North America seem to be better at collecting evidence about the value of information literacy and the keynote from Alison Head focusing on Project Information Literacy‘s work with recent graduates and employers, provides another valuable piece in the jigsaw – what happens when graduate enter the work place? Are they equipped with the abilities and literacies they need? Alison was using data from the Learning Curve report about recent graduates and employers. Recent graduates were asked about the information literacy skills they thought they developed while at university that they used in their employment. Meanwhile employers were asked about what new recruits actually need when they start work and whether graduates have those abilities. The mismatch between those two studies was fascinating, and their  findings suggest today’s graduates who could demonstrate how quickly they could find answers online and more experienced employers who wanted these graduate to use both online and traditional research methods.

Another observation from the conference was following my workshop on sharing IL resources as open educational resources. Delegates told me the larger US Library Instruction conference, LOEX actually stands for Library Orientation Exchange and in the pre-internet days the members met to exchange their teaching ideas and resources. However, sharing your resources within a closed community is one thing, we were discussing sharing your resources internationally, potentially with people you’ll never meet. How practical is this? What copyright issues are there when we try to use open licenses to share our content? We discussed the problems of differences in copyright laws in different countries and again language differences came up, which made it harder to find relevant content. However the work of the CoPILOT committee was praised by the delegates I met at LIWest and I didn’t get a sense that many librarians were releasing their teaching materials as OERs. I also hope I highlighted some useful IL resources we have in the UK which do have open licences on them.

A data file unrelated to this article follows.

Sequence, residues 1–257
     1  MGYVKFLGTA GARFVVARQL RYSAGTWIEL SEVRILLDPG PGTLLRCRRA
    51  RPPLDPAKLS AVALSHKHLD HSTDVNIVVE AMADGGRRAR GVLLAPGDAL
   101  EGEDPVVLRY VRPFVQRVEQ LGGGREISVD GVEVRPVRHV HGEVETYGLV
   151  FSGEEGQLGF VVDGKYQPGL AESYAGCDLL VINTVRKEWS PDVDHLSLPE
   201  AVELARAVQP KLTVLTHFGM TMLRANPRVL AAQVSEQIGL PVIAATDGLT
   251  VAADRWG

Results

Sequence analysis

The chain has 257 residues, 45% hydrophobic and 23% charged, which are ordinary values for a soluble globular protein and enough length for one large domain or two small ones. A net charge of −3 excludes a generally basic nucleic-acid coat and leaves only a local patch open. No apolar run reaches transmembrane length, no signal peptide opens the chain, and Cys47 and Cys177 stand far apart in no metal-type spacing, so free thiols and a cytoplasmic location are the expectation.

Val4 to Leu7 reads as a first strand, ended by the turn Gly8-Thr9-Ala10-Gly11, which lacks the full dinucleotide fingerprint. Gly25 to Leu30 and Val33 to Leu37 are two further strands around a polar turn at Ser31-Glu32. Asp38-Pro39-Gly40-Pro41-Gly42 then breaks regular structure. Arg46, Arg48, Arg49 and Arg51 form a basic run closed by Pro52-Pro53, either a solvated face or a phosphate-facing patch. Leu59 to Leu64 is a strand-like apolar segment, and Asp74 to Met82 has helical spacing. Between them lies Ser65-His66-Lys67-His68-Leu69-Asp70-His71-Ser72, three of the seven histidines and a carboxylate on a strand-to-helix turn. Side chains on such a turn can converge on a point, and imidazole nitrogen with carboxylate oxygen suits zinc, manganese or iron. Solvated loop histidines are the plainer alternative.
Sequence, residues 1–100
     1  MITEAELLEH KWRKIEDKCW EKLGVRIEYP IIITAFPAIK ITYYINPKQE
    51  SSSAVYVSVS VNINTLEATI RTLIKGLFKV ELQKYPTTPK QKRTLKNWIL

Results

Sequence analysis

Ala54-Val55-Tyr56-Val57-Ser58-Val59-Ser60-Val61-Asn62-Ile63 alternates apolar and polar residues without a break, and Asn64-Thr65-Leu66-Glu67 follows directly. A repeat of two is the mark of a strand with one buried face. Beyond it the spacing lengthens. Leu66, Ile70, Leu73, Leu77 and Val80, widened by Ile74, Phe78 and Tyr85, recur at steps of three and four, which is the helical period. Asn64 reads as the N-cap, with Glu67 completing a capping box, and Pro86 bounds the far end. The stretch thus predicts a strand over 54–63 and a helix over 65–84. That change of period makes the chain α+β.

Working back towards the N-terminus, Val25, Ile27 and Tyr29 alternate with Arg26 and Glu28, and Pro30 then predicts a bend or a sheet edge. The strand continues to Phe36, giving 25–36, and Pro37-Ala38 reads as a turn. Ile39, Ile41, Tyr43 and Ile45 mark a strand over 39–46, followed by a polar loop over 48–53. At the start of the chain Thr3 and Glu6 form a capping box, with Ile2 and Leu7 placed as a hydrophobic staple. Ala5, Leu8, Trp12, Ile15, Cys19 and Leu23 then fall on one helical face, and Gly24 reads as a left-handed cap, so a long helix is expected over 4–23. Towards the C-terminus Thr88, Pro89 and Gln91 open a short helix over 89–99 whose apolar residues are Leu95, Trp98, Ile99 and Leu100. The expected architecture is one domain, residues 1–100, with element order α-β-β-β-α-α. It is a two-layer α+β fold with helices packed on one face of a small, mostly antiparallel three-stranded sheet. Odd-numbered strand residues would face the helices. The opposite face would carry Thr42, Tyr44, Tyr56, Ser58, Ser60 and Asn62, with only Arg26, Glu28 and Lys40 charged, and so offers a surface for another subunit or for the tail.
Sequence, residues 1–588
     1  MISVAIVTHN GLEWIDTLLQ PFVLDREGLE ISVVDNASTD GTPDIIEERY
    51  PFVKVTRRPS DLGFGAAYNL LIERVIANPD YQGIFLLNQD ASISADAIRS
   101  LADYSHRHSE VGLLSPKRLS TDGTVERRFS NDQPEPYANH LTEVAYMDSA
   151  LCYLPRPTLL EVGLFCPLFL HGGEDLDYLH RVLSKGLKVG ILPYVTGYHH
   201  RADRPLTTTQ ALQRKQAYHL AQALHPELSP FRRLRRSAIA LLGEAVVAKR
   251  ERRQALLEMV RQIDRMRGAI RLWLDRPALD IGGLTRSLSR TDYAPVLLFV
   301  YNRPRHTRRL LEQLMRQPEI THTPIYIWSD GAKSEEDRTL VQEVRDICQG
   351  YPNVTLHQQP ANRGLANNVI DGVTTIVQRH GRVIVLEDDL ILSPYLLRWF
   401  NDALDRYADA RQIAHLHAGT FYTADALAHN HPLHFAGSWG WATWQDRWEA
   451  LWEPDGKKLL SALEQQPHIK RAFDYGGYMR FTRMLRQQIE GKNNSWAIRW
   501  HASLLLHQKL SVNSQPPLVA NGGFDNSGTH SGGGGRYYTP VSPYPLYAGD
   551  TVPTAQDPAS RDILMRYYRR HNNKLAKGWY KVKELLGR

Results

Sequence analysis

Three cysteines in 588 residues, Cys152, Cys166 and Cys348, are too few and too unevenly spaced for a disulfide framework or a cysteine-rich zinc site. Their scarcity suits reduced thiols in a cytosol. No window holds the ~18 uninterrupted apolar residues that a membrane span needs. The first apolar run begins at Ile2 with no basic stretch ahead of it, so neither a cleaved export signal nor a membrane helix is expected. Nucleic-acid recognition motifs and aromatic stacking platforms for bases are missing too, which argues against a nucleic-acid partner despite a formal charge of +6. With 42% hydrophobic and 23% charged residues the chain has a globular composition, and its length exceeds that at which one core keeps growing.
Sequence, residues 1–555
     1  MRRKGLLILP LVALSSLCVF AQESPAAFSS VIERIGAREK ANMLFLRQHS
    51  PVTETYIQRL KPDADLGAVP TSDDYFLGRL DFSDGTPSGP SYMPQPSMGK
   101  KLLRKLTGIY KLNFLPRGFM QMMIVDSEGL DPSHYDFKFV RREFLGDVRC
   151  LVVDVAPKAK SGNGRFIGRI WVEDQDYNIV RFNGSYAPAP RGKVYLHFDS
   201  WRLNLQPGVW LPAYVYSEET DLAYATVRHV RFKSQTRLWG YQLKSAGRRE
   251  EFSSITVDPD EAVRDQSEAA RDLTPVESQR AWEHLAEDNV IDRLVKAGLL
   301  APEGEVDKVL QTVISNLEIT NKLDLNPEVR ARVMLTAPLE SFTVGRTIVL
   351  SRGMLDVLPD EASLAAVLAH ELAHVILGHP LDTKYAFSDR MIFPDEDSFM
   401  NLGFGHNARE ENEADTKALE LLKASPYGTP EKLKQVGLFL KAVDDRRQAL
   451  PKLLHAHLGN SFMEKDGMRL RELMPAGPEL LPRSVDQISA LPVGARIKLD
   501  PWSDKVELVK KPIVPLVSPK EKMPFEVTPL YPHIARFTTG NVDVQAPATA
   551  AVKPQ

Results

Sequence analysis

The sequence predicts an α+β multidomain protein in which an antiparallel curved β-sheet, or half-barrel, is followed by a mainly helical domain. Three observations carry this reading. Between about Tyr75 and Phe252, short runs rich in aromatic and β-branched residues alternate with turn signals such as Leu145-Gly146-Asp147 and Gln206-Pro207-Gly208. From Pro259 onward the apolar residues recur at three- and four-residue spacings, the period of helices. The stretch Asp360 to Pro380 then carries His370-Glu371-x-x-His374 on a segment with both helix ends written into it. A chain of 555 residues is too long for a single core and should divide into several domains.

Finally I was really struck by the many parallels between the work that William Badke and Robert Farrell described in their talk about situated information literacy in the disciplines and the work Emma Coonan and I have been doing with ANCIL. It was great to meet Bill after reading his thought provoking article in Communications in Information Literacy from 2010 about why information literacy is invisible. I think their ideas deserve a longer blog post but what is clear is that information literacy is situated in a discipline and generic IL sessions will only get librarians so far. I was fascinated to hear about the work that Robert has been doing with the Sociology department to understand how they use information in this discipline, using focus groups. Some of the work had parallels with the ANCIL audit that we conducted at LSE back in 2012. But we both felt there could be a really interesting research project around working with one specific discipline across different institutions to study situation information literacy.